The Central American Caravan


I am Central American.  My people are being seen for the wrong reasons.

We are being criminalized for having strength in numbers, roughly 5,000 migrants in total. Today the Central American migrants have reached Mexico City, which BBC has reported many are calling a ‘milestone’ because of the now three week long crossing, mostly on foot. This caravan is not a crime.

Central American migrants cross Suchiate River, which boarders Mexico and Guatemala. Photo provided by Mynor Toc/Prensa Libre

Central Americans are only covered in the mainstream English and Spanish media when in crisis. I wish that weren’t true. The only coverage I would follow when the crisis in Nicaragua began in April through today is by following Nicaraguan journalists via Twitter. CNN barely touched it. AJ+ made a good looking video after people died. The Central American caravan has made a dent in the Twitter world as well as global publications, but I don’t feel it’s being referred to enough as a Central American caravan.

Civil Defense of Mexico delivers water to Honduran and Salvadoran migrants that stayed in Tapachula Park. Photo provided by Mynor Toc/Prensa Libre

It is important that it is referred to specifically, not for blame or for fear, but for visibility. Our people are going through crises in our homelands. When this administration speaks about Mexico, those living here who are Mexican descent or allies with immigrants speak up and stand up for the Mexican people. But what about us? Are we not as valuable or important as our Mexican cohort? Are we no more than target practice for military under this administration?

Trump gave the “OK” last week for the military to shoot anyone who so much as throws rocks at them. “They wanna throw rocks at our military, our military fights back… I told them, ‘Consider it a rifle. When they throw rocks like they did at the Mexico military police, I say, consider it a rifle.” He has now backtracked, stating “I never said shoot,” adding the migrants would be arrested.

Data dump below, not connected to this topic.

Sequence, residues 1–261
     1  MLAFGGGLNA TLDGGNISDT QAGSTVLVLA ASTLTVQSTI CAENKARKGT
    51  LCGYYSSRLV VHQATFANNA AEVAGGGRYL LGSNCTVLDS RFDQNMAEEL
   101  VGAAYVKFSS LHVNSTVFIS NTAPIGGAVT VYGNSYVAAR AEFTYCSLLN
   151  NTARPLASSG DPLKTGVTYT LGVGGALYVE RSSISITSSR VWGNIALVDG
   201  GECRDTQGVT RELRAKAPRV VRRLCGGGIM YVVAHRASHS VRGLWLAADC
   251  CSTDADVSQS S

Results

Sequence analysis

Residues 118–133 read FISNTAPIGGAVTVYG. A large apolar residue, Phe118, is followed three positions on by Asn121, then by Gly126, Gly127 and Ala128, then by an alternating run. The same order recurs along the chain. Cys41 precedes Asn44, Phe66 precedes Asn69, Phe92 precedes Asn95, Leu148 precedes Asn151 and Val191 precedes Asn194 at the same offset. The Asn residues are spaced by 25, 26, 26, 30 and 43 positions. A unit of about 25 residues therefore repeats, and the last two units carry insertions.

Trump shared an ad last Thursday for the GOP criminalizing Central Americans.

The ad features a Mexican man but uses alleged footage of Central Americans within the caravan to drive its racist, anti-immigrant point home. Luis Bracamontes, dawning a bald head, as CNN reported, is “a Mexican man who had previously been deported but returned to the United States and was convicted in February in the slaying of two California deputies.” The ad shows Bracamontes smiling, saying, “I’m going to kill more cops soon.” At the same time, a text shows over the image that reads, “Democrats let him into our country. Democrats let him stay.”

This video has now been fact-checked. According to documents released by the Sacramento Bee, Bracamontes was deported in 1997 during the Clinton administration after famed anti-immigrant Arizona Sheriff Joe Arpaio’s office transferred Bracamontes to federal immigration agents.

“He apparently did not stay in Mexico long. Records in Arizona show he was arrested on drug charges again in Phoenix in 1998, then released ‘for reasons unknown’ by Arpaio’s office,” the Bee reported. The pattern of deportation and re-entry continued for Bracamontes under a the Bush administration. “Bracamontes was next arrested May 4, 2001, on marijuana charges in Maricopa County, and deported three days later.” Bush was still president when Bracamontes “slipped back into the United States a short time later.”

The criminalizing of my people, lumping all of us in the same category as one individual who killed someone, and falsely accusing Democrats for permitting re-entry for criminals who happen to be Latino, is damaging. The focus is on the wrong people. What Republicans and anti-immigrant political pundits should be doing is focusing on real individuals who kill people domestically.